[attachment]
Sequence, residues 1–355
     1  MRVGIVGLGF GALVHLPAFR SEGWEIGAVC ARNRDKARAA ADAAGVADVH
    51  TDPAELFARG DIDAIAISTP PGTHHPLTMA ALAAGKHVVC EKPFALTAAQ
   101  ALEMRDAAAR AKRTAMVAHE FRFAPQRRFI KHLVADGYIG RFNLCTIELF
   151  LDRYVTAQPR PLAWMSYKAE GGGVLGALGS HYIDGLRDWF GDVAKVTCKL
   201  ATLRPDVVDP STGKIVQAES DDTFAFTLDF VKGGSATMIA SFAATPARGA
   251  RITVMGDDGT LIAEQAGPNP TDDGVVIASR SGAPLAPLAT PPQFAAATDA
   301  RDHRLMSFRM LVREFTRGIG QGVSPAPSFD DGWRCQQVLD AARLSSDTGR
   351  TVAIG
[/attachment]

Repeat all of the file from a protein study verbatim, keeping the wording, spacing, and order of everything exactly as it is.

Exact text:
Sequence, residues 1–355
     1  MRVGIVGLGF GALVHLPAFR SEGWEIGAVC ARNRDKARAA ADAAGVADVH
    51  TDPAELFARG DIDAIAISTP PGTHHPLTMA ALAAGKHVVC EKPFALTAAQ
   101  ALEMRDAAAR AKRTAMVAHE FRFAPQRRFI KHLVADGYIG RFNLCTIELF
   151  LDRYVTAQPR PLAWMSYKAE GGGVLGALGS HYIDGLRDWF GDVAKVTCKL
   201  ATLRPDVVDP STGKIVQAES DDTFAFTLDF VKGGSATMIA SFAATPARGA
   251  RITVMGDDGT LIAEQAGPNP TDDGVVIASR SGAPLAPLAT PPQFAAATDA
   301  RDHRLMSFRM LVREFTRGIG QGVSPAPSFD DGWRCQQVLD AARLSSDTGR
   351  TVAIG